Wisconsin Natural Resources magazine

Wisconsin Natural Resources magazine

Photo of canoeist paddling in fog © James DeBoer

Exploring by canoe on a foggy day is fun, but play it safe.
© James DeBoer

August 2010

Time in a cloud

In cloaking what we see, fog provides a moment to reflect and think clearly.

Anita Carpenter

A big cloud settles to earth, enveloping the lake and the surrounding northwoods in a warm, misty fog. I slip the old green canoe into the tranquil water. Slowly, silently I paddle across the small, mirror-like lake. A lone fisherman, lost in his own thoughts, is unaware as I glide behind and disappear around an island into a slough.

White fragrant water lilies line the shallow, narrow channel like beacons. Hundreds of minute black beetles unwilling to fly in the fog seek refuge on the lilies' yellow stamens. Thousands of half-inch striders rest on the smooth surface. As the canoe slides in their midst, they skate out of harm's way then close ranks as the canoe passes by.

Fog imposes silence. No whirs of insect wings or whines from mosquitoes fill the air. No bird song. Even a majestic eagle silhouetted against a white pine's massive trunk stays perched. He knows I am here, but the slow-moving canoe is no threat as I pass below. He continues his vigil. An occasional banjo-like plunk rises from the cattails just to alert me that a green frog is nearby, but there is no amorous chorus this morning. I drift to within two feet of an incubating red-winged blackbird. Yesterday she fussed; today she lets me glide by.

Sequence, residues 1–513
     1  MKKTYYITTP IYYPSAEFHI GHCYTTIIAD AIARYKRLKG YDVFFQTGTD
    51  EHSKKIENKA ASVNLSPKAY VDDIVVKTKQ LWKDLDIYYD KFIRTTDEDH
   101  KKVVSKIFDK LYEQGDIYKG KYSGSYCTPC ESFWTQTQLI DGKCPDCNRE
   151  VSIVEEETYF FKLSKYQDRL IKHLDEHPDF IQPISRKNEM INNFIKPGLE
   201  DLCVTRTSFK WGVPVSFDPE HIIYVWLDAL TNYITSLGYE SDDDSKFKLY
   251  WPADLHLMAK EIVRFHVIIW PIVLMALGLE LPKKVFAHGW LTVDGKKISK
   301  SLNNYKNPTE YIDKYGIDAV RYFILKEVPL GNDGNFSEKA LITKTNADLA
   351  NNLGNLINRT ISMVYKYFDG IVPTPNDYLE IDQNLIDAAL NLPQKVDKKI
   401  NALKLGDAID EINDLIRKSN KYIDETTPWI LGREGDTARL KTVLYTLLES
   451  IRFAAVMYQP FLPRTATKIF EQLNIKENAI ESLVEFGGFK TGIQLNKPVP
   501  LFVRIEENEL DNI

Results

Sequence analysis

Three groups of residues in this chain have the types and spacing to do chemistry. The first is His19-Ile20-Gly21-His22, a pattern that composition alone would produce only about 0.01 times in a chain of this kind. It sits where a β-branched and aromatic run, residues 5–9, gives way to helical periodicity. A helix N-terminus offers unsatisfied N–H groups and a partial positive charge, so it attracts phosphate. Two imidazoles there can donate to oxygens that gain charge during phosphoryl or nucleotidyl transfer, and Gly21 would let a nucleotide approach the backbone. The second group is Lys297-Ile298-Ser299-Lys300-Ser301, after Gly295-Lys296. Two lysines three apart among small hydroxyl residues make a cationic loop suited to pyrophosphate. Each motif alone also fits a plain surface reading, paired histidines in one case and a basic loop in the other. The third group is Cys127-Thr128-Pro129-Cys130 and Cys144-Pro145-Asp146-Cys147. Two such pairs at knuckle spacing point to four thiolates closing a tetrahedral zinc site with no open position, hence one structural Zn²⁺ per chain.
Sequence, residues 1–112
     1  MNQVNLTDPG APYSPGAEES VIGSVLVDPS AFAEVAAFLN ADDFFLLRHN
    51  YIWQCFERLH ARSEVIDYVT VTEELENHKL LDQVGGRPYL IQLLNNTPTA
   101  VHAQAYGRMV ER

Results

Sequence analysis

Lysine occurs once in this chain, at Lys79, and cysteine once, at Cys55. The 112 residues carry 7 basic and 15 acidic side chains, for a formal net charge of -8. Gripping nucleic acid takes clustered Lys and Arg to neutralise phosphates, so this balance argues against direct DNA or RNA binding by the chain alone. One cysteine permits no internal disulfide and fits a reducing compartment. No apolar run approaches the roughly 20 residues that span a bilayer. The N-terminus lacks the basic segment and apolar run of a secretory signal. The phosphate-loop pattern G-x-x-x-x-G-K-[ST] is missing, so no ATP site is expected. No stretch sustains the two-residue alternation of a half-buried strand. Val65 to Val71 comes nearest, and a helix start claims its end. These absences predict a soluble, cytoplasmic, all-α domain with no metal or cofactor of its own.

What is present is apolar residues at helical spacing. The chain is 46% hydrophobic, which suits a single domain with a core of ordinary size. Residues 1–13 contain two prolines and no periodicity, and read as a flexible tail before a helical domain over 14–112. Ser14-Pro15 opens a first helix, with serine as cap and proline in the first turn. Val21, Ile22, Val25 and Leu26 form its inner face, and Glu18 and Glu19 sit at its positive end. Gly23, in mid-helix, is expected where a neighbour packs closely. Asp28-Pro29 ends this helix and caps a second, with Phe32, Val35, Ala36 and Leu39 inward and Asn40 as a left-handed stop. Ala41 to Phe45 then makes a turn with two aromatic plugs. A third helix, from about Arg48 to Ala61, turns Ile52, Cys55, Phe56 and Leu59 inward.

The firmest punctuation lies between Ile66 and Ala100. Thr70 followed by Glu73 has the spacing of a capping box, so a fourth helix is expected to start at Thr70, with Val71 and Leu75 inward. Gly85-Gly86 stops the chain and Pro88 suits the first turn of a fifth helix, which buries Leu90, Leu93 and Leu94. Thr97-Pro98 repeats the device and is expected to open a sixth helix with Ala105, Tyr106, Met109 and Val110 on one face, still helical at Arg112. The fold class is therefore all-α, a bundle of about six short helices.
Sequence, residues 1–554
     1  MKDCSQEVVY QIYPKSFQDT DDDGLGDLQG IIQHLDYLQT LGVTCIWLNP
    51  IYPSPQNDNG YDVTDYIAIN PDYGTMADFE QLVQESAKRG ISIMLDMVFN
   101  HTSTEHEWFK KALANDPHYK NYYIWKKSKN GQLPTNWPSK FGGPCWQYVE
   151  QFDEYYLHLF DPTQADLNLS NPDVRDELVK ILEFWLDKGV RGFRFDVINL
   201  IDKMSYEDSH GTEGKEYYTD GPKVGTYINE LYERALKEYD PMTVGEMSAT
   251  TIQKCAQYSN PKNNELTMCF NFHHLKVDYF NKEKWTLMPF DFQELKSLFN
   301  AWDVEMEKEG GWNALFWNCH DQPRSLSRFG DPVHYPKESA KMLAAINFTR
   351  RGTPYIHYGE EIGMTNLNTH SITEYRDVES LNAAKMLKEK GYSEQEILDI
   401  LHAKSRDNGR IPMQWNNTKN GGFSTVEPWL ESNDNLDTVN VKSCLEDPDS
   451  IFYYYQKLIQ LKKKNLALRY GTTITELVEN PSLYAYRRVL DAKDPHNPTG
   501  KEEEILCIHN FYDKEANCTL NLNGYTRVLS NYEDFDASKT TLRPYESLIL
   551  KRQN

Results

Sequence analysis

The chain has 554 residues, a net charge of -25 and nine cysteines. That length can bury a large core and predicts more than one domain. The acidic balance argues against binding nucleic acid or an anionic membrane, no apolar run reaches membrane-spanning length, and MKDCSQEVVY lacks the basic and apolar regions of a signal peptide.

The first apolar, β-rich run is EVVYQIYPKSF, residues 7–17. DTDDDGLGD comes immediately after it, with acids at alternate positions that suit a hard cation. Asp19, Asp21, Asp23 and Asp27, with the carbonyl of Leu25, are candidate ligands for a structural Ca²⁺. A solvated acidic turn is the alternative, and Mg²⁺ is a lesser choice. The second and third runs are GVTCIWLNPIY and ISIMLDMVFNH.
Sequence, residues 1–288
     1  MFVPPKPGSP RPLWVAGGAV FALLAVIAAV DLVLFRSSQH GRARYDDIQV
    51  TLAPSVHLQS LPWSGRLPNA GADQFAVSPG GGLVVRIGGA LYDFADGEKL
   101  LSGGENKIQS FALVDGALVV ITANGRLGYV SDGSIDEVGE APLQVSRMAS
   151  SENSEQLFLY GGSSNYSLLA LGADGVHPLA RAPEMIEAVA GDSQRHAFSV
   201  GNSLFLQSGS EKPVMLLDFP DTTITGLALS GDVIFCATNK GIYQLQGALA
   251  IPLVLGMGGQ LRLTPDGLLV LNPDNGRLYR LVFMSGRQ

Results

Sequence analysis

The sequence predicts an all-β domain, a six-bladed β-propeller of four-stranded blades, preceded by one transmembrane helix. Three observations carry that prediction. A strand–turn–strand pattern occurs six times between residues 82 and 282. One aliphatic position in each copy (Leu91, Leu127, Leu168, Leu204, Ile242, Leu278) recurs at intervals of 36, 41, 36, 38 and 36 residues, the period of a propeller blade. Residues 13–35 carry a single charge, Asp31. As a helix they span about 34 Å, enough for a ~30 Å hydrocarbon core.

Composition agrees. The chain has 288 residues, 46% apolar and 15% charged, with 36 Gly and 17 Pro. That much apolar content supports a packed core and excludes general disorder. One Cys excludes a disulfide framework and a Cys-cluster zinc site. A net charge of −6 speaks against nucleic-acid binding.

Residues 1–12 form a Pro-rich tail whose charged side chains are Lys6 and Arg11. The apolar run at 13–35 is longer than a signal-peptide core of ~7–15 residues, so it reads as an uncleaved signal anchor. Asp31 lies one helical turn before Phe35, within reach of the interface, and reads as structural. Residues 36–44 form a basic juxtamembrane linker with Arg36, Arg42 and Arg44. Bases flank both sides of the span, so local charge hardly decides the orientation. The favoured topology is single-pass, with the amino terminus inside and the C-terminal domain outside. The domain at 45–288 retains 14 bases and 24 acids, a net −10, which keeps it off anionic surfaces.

I nose the canoe into shallower water and a sharp kid-dick, kid-dick, dick, dick sound erupts from the reeds. I can hear the irritated caller moving back and forth within two feet of the bow, but the Virginia rail never shows itself. The agitated adult must have a nest nearby and I quickly retreat. Silence returns.

Fog paints a wash of softness on the familiar landscape. Varying pale shades of greens and whites seem to blend and flow as shapes move in and out of view. Forms become muted and sharp distinctions fade. Even the pointy tips of spruce don't seem so severe. The trees lose their individual character. Beeches become indistinguishable from oaks. Towering white pines disappear and are lost in the fog, then momentarily regain their "tallest tree" status where the mist clears.

Fog touches everything with moisture. Strands of sparkling dew bead up and outline the orb of a spider's intricate web suspended among the cattails. Diamond-like droplets cling to the fine hairs on the cattail leaves. Plate-like lily pads collect drops in geometric patterns that follow the veins in their leaves. Minute fog droplets settle as mist on my head and my curly hair becomes even curlier.

The fog cloaks and slows down everything. A foggy morning forces us to pause and allow a few moments for reflection. It gives us more time to think precisely because we cannot see clearly. It soothes the soul. Soon the cloud will lift and life will return to its normal pace. For now, a little time in a cloud is a special gift from nature.

Anita Carpenter writes from Oshkosh.